When I signed up to go to a trip to Kyoto, it was preparing to check an item off of my bucket list. I had already been to the modern Japanese capital of Tokyo, so I wanted to go to the historic capital of Japan, Kyoto. Considering how much older Japan is as a country when compared with the U.S., I have wanted to see and touch things that are incredibly old. Sadly, I still have not touched anything much older than the oldest buildings in America. Many of Japan's temples, shrines, and other buildings have been destroyed over the centuries, either by fire, earthquakes or World War II. And the items that are there are often replicas or happen to be under construction for restoration. Or, in some more extreme cases, such as with the Imperial Palace in Toyko, where the emperor lives, you cannot even go inside the buildings. Can you imagine not being able to visit the White House?
These little disappointments popped up throughout my day in Kyoto. But I was still able to get some photos, just not the ones I really had in mind.
So, our first stop was Kiyomizu Temple, which... was under construction. With huge scaffolding and tarps. I didn't even bother to get a photo.... not really picturesque. I was grouchy for a few minutes and then saw all the beautiful wood and metal inside the place and decided to focus on that instead. After all, I have a huge love for photographing wood and metal.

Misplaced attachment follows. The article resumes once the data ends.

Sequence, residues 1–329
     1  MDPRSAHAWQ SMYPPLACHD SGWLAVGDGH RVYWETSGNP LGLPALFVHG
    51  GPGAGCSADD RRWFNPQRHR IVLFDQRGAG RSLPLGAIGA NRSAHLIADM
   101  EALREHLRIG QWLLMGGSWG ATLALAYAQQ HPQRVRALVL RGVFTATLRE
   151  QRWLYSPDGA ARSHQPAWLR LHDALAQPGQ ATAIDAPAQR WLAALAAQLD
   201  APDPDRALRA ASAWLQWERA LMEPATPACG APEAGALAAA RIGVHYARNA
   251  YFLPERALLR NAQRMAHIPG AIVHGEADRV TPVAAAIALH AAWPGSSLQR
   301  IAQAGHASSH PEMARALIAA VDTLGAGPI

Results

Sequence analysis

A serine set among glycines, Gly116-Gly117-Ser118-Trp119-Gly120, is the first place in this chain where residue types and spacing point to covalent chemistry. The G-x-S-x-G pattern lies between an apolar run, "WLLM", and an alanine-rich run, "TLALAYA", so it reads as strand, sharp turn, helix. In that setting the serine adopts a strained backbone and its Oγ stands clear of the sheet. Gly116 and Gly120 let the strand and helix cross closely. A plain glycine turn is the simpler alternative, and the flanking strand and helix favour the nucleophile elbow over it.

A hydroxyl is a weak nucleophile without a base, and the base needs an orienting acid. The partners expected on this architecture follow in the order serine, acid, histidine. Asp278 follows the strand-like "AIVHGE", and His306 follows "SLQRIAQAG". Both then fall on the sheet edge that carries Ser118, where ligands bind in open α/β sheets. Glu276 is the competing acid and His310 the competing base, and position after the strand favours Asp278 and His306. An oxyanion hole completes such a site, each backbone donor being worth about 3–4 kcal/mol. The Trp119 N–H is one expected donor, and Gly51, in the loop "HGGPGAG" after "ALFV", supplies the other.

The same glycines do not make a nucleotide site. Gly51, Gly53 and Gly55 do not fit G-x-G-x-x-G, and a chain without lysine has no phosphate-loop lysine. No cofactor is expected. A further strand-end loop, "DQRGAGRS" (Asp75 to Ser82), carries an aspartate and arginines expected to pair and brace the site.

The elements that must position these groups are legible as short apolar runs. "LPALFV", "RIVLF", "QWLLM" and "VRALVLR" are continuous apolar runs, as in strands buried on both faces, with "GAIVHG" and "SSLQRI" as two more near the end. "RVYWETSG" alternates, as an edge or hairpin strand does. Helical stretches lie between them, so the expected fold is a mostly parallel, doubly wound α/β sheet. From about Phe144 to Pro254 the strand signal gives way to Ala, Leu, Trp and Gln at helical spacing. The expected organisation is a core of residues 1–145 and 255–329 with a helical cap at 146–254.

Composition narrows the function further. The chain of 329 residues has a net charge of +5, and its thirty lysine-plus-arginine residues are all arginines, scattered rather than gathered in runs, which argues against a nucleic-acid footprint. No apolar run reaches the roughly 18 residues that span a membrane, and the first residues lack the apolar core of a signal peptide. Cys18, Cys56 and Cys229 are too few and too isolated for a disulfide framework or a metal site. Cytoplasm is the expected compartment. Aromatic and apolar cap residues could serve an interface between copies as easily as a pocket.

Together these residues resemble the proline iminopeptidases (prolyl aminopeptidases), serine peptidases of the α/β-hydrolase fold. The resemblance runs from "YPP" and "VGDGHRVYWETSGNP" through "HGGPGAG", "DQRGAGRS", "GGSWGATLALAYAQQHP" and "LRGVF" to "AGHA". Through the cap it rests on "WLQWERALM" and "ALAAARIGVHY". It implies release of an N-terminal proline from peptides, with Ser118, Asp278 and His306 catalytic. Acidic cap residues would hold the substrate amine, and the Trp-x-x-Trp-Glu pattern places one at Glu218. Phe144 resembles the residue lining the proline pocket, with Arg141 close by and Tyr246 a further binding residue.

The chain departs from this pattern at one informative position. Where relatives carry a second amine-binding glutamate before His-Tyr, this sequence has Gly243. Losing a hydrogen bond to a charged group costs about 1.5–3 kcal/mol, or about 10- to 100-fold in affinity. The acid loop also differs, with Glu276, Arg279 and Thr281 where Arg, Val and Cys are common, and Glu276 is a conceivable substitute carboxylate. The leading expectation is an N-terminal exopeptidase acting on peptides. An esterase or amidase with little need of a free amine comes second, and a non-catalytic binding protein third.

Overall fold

But that shrine, which is dedicated to mercy and compassion, is not where Cupid lives. The self-proclaimed "Cupid of Japan"is in the shrine above it, on a hill. Jishu Shrine is where you want to go to either predict your future love, or thank the gods for your current love. For 1,300 years, young people have been visiting the shrine to walk between two "love fortune telling" rocks. If you can walk from Rock 1:
... to Rock 2, about 10 meters away, with your eyes shut, then "your love will be realized."
Once your love is realized, you come back to the shrine with your great love and write your names on a flier to be hung on the front of the shrine in thanks.
Of course, if you want some assistance with your love, there are lucky charms for sale:
The name of the shrine means "pure water," and the line was VERY long to get a cup of water from the falls, which have been flowing for thousands of years. Most of the people washed their hands with it.
This was the gate to the shrine. Since the shrine itself was not looking very attractive, I took this photo instead.
The second stop on the tour was to Nijo Castle, which was built in 1603. It was not destroyed by fire or anything... however, the ornate wall paintings that adorned each room were replicas, as the originals have been tucked away for safe keeping. And no photographs were allowed in the castle, even of the replicas. Which was quite the bummer for me, because the Castle was my favorite sight of the day. With the exception of Starbucks at the rest area on the way home, of course.
But here is the gate and the outside of the shrine, which was still beautiful: